Playing with an online casino app recently prompted one of those light bulb moments of realisation. This was nothing more than a bit of casual downtime – courtesy of www.32red.com/jp/– but it prompted an insight that has profound implications.
Here’s the lightbulb. Online games are all about the quality of the user experience. In fact, all they are is a user experience. There is nothing else. If a game is clunky, counter-intuitive or just slow – all the things that we’d wrap together under the heading of poor design – then the odds are that within six months of its launch we’ll have forgotten all about it and moved on to the next bright new thing on the block.
Of course, there are exceptions. Who would have thought that the primitive block-based graphics of Minecraft would be such a hit? It just goes to show that when it comes to the user experience there are fundamentals that go beyond the quality of the graphics. In fact, that is one of the more easily forgotten lessons of Minecraft’s success. But this is taking us away from the main point.
Image by Thomas8047
Casually roaming through the pages of the 32Red site, what quickly occurred to this user, was that I was not feeling like a user in the conventional sense at all. The level of navigational immediacy, combined with absolutely crystal clear signposting meant that the more visceral gaming experience was always right at the forefront of my attention.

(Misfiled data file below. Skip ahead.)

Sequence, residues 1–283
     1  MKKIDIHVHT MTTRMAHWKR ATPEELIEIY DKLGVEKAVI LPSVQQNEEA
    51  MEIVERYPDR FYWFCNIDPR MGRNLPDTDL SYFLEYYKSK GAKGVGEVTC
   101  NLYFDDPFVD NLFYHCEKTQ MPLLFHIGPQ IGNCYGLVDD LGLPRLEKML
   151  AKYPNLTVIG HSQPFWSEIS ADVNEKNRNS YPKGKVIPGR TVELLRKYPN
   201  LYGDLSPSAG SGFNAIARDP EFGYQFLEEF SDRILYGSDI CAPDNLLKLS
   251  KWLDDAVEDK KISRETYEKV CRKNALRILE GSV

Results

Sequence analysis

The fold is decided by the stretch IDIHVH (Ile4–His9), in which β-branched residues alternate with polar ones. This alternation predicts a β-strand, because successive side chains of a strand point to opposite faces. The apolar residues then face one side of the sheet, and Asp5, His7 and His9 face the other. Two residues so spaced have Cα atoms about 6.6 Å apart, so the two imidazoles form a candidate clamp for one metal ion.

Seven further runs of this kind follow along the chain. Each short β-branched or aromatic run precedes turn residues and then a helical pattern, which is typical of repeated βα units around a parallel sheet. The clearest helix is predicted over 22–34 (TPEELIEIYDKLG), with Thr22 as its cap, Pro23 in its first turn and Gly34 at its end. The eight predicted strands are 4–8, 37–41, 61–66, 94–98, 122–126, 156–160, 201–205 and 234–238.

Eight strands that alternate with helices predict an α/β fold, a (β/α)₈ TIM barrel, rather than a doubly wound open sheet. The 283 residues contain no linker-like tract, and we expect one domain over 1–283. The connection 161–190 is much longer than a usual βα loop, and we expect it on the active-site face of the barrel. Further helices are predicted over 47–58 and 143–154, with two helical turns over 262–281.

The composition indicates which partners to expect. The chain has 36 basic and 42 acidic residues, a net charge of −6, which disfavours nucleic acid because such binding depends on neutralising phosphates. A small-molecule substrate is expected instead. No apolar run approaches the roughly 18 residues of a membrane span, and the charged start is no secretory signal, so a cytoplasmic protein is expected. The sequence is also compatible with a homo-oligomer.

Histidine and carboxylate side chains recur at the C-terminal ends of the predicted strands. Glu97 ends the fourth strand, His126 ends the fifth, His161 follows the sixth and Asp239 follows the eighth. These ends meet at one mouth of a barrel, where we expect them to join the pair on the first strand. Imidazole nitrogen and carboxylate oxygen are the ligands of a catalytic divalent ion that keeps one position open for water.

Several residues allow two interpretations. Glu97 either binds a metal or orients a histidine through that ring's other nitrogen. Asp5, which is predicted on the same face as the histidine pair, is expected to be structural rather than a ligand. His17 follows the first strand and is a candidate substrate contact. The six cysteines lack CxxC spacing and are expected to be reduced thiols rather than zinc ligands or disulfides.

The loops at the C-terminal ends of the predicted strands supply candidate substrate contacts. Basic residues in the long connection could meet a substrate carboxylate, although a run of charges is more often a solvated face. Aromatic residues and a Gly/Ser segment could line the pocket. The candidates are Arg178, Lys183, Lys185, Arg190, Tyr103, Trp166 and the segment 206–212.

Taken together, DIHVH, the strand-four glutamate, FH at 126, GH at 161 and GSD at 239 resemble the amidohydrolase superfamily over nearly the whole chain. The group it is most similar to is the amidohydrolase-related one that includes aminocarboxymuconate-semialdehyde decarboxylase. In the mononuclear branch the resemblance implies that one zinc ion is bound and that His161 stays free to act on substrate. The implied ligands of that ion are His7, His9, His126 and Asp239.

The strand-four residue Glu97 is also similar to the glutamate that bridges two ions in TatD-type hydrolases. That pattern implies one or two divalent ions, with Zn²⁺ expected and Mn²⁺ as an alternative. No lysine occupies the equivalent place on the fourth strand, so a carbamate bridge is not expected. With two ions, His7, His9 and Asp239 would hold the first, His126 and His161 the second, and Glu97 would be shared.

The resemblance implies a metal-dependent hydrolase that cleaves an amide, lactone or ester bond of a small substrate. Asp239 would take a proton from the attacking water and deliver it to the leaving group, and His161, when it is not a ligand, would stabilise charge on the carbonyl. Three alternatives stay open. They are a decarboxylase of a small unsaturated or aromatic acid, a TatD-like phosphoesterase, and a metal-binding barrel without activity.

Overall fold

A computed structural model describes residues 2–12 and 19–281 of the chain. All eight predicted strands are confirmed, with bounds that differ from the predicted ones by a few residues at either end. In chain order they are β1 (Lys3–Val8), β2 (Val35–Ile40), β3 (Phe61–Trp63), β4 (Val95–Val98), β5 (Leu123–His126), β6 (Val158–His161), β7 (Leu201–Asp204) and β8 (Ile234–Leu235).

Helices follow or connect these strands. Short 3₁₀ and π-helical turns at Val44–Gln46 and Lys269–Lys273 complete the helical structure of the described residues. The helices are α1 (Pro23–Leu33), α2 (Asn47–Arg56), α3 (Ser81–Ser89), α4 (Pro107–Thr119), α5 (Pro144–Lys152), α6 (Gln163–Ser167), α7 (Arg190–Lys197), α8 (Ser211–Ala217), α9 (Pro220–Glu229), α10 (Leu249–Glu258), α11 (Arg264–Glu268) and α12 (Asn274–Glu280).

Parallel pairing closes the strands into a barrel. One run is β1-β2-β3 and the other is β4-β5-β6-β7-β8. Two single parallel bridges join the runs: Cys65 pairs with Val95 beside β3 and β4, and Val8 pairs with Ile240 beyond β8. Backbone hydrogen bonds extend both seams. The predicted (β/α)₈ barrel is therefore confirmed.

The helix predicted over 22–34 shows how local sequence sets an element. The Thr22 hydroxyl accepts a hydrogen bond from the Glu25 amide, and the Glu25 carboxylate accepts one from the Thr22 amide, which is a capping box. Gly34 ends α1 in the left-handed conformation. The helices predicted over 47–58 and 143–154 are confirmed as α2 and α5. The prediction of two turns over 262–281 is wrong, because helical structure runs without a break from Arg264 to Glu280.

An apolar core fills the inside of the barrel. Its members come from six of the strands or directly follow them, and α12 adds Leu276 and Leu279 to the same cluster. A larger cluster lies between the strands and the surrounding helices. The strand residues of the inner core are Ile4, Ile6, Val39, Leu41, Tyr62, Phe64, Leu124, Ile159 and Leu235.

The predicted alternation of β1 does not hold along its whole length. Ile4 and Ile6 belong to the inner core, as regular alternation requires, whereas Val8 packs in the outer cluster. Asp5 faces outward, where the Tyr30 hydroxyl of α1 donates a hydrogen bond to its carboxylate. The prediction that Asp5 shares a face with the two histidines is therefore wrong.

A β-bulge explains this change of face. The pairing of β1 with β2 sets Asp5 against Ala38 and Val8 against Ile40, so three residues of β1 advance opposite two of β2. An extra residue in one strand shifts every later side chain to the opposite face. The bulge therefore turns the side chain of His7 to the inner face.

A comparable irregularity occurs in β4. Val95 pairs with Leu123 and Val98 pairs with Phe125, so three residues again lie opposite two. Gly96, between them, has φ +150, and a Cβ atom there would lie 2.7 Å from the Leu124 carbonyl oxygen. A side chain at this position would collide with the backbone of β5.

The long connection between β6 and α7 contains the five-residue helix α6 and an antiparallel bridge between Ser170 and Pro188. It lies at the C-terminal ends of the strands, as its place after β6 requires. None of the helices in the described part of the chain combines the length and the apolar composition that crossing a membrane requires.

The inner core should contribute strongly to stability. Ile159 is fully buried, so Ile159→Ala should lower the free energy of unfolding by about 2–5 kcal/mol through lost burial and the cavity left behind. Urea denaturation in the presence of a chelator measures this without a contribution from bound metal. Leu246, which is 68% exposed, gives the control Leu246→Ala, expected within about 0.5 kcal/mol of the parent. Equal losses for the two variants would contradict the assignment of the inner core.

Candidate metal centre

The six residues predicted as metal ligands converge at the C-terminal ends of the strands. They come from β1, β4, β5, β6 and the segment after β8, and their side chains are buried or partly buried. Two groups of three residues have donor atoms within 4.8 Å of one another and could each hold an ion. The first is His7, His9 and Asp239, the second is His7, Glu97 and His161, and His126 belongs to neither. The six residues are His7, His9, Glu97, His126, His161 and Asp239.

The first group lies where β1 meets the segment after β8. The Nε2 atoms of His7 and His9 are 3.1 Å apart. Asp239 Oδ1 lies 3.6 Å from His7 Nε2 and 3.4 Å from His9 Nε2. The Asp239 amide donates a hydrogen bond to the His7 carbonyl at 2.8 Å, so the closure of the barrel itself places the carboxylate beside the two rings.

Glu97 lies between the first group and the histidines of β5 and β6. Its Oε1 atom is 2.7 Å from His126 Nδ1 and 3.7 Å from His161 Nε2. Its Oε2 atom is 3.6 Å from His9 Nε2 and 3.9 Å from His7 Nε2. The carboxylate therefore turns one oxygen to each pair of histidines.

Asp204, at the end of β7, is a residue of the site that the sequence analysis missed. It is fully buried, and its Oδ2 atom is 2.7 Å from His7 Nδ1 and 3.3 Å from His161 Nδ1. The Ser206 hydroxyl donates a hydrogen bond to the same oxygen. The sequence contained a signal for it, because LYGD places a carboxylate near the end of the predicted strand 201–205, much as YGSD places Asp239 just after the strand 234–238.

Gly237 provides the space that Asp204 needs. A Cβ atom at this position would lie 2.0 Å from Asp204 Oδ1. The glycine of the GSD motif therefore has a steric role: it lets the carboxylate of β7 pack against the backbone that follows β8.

There is a school of phenomenology (the study of subjective experience) that talks about the different way people engage with technologies. For example, the way we might use a pair of glasses is very different to the way we might ordinarily use a chainsaw. In the first case, the glasses quickly slip out of our attention. We only notice them when they break or when they are absent. In the case of a chainsaw that level of forgetfulness is likely to have serious consequences.
In short, there are different user experiences that are intrinsic to different technologies before we ever get to ‘use’ them. And there is no guarantee about how an individual will actually use something. No doubt someone, somewhere has tried cutting wood using a pair of glasses.
Websites are no different. In fact, since the Steve Jobs revolution, UX has arguably become the first point of address in the consumer market. Functionality is no longer first amongst equals. Given that we all know this already it is perhaps surprising just how many sites continue to miss their tricks when it comes to getting their UX right. So often it is the overt branding and the super-sharp graphics that are the focus of design attention (and investment). Those things may be invaluable at the point of sale, but they count for far less once the product is in the hands of a user.
What was so impressive about the 32Red site, which has clearly benefitted from some clear-sighted and well-calibrated design work, is that it delivers a user experience which has so much more in common with wearing a pair of glasses than it has to using achainsaw. It was so good I nearly didn’t even notice it. And when it comes to UX that is precisely where the game should be at.